Table 3 Structure activity relationships of similar compounds and their targets/enzymes

The methoxy and hydroxyl groups of the anti-oxidants with the highest reactivity can make free radicals inactive (i.e., Eq. (1)):

$${\text{Phenolic}}\;{\text{anti - oxidant}}\;\left( {{\text{OH}}\;{\text{or}}\;{\text{OCH}}_{{3}} \;{\text{or}}\; \ldots } \right) + {\text{R}}^{ \cdot } \to {\text{Phenolic}}\;{\text{anti - oxidant}}\;\left( {{\text{O}}^{ \cdot } \;{\text{or}}\;{\text{OCH}}_{{{2}^{ \cdot } }} \;{\text{or}}\; \ldots } \right) + {\text{RH}}$$
(1)

where R· is a type of free radical such as hydroxyl, peroxyl, alkoxyl, or alkyl radicals and O· or OCH2· are the remained free radicals [46, 47]. Similarly, the mechanism of action of these chemicals, given their anti-inflammatory properties, applies through radical scavenging activities [48].

Additionally, it has been established that the immune system can function in the human body as a double-edged sword in which immunity and immunopathology simultaneously provide benefits and do damage by balancing innate and adaptive immunity [49]. In a recent review, Zouboulis et al. stated that “In clinical practice, ‘to look better’ does not mean to ‘look younger.’” [50].

Skin, the largest organ of the human body, inherits all immune system functions for better studying inflammation, autoimmunity, and cancer [51]. Skin aging is a multistep process that can be promoted through sun exposure, which may result in epidermal changes and photo-aging [52]. Various studies have proposed the benefits of natural compounds such as curcumin and its analogs in treating skin disorders such as skin aging [53, 54].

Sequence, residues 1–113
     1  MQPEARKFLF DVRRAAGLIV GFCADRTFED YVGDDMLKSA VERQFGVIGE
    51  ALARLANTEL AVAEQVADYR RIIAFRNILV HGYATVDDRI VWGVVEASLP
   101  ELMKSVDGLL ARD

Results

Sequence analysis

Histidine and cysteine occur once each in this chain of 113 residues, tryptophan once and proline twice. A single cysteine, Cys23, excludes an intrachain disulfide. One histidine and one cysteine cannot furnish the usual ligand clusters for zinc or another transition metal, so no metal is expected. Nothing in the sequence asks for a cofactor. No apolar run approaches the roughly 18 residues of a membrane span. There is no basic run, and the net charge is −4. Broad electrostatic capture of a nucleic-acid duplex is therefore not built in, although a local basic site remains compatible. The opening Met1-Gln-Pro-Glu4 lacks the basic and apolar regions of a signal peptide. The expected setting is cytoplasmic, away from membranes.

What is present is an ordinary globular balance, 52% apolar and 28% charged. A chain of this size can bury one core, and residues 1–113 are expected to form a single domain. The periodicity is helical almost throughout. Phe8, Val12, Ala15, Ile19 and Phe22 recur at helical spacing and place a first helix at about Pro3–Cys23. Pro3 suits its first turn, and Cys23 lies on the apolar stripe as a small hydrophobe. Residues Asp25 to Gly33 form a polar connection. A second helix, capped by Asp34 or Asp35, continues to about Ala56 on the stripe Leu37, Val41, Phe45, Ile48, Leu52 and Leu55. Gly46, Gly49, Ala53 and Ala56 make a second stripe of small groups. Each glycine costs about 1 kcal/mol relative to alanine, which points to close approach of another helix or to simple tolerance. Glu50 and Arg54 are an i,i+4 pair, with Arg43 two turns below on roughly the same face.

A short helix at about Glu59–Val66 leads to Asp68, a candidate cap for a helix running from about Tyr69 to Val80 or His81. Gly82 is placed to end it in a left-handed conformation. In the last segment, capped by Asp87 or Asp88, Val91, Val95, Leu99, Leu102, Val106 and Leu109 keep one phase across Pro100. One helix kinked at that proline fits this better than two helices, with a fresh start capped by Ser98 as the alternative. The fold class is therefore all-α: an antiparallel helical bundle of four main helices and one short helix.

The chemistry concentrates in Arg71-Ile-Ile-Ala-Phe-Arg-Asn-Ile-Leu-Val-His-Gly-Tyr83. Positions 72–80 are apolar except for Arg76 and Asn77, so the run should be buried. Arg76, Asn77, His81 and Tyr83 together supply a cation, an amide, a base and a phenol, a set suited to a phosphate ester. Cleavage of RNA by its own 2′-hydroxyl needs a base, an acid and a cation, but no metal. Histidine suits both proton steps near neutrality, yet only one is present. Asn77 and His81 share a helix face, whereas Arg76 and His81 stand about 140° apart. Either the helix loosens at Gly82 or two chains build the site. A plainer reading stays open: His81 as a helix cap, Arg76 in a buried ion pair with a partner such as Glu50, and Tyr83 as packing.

In the current investigation, the effects of Zingerone on epidermal tissues have been studied while considering the differentially expressed genes and the cellular components involved. As an outcome, without any exceptions, the assessed genes play roles in involving interleukins, which are a well-known group of cytokines expressed mainly by leukocytes. Cytokines, which are produced by the Langerhans cells of the skin’s immune system, were reported to play a significant role in skin aging [55]. Based on the identified differentially expressed genes and their effective cellular components in terms of GO, including GO:0005615 and GO:0005576, eighteen and four types of interleukins were determined to play roles in extracellular space and region, respectively.

In line with our results, Shirato et al. found that ETAS 50 could prevent skin aging by decreasing both UV-B-induced IL-6 and IL-1 beta expressions (56, 57). Also, Guo et al. reported that adipose-derived stem cells could secrete several interleukins (e.g., interleukin-lβ, interleukin-8, interleukin-9, interleukin-12, interleukin-15, and interleukin-17) to inhibit skin aging [58]. Exercising could also affect interleukin-15 levels, thus preventing skin aging [59]. Interleukin 17 (or IL-17A) has a direct relationship with the stimulation of IL-23, making them a golden IL-23/IL-17 axis in age-associated inflammation and attenuates skin aging via acetyl Zingerone treatment through IL-17A stimulation [60, 61].

In summary, the current study proposed a hybrid systems biology and systems pharmacology procedure to identify the functional mechanisms and successful effects of Zingerone treatment. The proposed procedure considers the impact of similar compounds for stimulating the involved interleukins family on skin aging and their anti-oxidant and anti-inflammatory properties. More experimental studies on human and animal models are required to confirm the present results, as Zingerone’s effects on cellular and molecular mechanisms on skin aging are still unclear.